Judgment – One rule to rule them all

As we were identifying and discussing our core values at Optimetra, it became very apparent that judgment would make or break any of the others. Curiosity without good judgment can be a waste of a client’s time and money. Passion without good judgment can come across as dogma or perseverating. Impact without good judgment can, well…leave a mark (and not in a good way). In understanding that, we dubbed Judgment the crown jewel of our values. We never compromise on it when hiring employees or retaining consultants. Nor do we compromise on it when deciding whether to work with a client. Quite simply, if a client’s judgment seems poor, we pass.

The success or failure of organizations depends on the decision-making of leaders. However, poor decisions are not always the result of poor judgment. Everyone makes a poor decision from time to time. Judgment determines our willingness to evaluate our decisions and change direction when necessary. A poor decision is only compounded by an unwillingness to admit that it was a poor decision. Lululemon founder, Chip Wilson, is a recent and relevant example. It began long ago with rumors about why Mr. Wilson named his yoga wear empire Lululemon. It escalated last Summer (2013) in what was deemed by the media a “see-through yoga pant scandal.” Instead of professionally acknowledging the problem and fixing it, Chip made it worse by blaming larger women for the problem. The scandal will now be forever known as the “fat-shaming, see-through yoga pant scandal.” Chip has FINALLY stepped down, and I have to imagine that what’s left of his PR staff breathed a collective sigh of relief. If his judgment in this situation was any indication of his overall leadership, the company’s future was certainly bleak.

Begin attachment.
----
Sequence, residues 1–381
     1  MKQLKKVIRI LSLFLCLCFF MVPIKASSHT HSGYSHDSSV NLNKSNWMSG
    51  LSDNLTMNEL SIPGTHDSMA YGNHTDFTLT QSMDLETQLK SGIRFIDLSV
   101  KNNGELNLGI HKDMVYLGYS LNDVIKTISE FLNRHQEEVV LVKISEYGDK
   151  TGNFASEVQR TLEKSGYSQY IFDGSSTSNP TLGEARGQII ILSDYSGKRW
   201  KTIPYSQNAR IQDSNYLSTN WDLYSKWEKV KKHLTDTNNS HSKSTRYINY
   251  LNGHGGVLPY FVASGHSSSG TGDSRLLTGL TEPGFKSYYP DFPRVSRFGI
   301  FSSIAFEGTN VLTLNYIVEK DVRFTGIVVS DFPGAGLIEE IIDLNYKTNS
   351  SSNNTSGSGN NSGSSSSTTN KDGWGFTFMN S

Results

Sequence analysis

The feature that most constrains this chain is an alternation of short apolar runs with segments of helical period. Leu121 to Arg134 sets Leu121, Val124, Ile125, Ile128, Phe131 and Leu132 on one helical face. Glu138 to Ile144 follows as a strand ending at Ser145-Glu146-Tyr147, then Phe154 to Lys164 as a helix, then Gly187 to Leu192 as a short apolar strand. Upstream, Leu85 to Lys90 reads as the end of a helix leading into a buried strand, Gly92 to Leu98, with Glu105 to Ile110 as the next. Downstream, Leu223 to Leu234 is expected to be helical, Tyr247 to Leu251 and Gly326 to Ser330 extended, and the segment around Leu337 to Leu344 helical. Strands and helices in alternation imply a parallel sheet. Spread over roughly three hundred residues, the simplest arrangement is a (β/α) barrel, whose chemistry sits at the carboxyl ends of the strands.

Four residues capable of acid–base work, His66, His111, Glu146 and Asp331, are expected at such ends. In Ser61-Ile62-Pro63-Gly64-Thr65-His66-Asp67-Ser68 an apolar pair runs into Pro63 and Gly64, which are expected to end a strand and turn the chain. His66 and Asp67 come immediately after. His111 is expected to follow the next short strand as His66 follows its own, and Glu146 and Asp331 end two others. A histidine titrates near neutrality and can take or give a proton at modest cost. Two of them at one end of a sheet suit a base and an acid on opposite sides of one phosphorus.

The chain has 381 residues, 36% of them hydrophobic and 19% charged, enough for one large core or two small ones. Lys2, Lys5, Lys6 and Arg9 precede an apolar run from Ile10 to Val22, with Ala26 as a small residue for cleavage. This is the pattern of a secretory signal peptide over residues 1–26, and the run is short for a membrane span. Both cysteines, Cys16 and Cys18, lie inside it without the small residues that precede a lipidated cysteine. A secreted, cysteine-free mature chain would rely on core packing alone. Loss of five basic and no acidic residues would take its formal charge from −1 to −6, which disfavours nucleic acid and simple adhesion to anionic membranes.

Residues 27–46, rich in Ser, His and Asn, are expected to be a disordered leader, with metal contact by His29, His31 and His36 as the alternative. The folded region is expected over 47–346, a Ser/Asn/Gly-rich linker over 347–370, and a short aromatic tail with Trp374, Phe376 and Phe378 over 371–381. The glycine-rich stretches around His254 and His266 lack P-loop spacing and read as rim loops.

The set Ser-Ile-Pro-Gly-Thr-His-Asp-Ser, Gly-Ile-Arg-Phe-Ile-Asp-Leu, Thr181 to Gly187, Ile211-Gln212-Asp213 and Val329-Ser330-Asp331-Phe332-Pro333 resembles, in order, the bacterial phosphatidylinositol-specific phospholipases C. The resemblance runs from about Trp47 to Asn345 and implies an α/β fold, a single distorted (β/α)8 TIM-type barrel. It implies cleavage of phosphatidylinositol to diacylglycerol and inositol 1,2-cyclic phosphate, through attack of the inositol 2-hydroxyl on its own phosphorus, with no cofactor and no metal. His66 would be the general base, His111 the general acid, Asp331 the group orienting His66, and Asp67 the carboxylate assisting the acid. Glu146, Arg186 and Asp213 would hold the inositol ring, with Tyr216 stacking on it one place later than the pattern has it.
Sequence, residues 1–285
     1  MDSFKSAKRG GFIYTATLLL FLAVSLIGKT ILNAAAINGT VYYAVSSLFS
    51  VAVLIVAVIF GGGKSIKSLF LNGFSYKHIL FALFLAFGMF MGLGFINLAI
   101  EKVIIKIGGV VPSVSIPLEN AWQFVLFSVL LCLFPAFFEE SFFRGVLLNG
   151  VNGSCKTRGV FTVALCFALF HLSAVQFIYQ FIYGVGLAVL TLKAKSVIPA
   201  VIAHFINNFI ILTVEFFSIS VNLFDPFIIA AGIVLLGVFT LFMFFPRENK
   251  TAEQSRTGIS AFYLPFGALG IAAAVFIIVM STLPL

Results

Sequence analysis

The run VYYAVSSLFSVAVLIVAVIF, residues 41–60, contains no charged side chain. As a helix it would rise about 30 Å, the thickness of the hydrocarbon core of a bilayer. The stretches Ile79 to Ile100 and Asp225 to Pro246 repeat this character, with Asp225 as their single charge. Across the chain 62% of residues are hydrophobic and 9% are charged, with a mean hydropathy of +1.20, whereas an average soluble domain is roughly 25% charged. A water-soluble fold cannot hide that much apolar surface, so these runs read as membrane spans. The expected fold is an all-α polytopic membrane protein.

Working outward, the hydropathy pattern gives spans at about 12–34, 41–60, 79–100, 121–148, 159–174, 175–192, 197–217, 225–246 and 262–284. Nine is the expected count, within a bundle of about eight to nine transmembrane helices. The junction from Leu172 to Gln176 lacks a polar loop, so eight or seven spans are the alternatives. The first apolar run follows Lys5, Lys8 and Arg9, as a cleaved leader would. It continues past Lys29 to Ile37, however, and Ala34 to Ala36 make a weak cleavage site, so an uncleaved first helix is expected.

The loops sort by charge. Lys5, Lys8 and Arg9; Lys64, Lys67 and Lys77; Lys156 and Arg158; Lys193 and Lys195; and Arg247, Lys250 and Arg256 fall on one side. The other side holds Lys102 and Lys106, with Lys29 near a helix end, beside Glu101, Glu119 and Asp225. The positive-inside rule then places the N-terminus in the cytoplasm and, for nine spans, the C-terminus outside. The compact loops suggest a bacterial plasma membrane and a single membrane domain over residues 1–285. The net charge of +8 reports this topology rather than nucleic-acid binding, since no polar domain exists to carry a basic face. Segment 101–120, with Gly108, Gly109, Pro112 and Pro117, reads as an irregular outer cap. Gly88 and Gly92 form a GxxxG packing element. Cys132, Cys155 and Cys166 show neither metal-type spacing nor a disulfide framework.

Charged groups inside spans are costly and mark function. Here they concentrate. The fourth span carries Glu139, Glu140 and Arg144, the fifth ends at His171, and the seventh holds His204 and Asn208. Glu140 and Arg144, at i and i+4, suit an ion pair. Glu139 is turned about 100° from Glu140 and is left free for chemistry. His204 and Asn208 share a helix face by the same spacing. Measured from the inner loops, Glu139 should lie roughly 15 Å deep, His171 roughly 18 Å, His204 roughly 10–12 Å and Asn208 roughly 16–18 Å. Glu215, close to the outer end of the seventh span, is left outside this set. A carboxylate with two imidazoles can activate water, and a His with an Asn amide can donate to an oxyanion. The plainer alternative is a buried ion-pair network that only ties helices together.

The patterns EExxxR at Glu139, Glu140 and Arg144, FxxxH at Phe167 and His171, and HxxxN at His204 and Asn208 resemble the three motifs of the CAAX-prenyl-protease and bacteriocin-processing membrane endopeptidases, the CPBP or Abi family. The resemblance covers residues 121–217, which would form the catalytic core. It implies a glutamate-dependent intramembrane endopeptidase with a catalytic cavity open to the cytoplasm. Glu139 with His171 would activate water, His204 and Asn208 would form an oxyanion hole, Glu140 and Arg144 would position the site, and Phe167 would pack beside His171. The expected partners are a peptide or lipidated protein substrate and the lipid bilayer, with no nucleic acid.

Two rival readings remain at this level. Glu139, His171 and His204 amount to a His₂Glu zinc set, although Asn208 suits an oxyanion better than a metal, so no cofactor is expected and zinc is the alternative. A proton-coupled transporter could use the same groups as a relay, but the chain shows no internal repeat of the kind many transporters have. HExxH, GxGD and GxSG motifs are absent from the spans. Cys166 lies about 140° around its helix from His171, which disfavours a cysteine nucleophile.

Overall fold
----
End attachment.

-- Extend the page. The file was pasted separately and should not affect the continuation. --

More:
The only substitute for good judgment is duct tape, and here at Optimetra, we’d rather spend our money on talent than on duct tape, any day.

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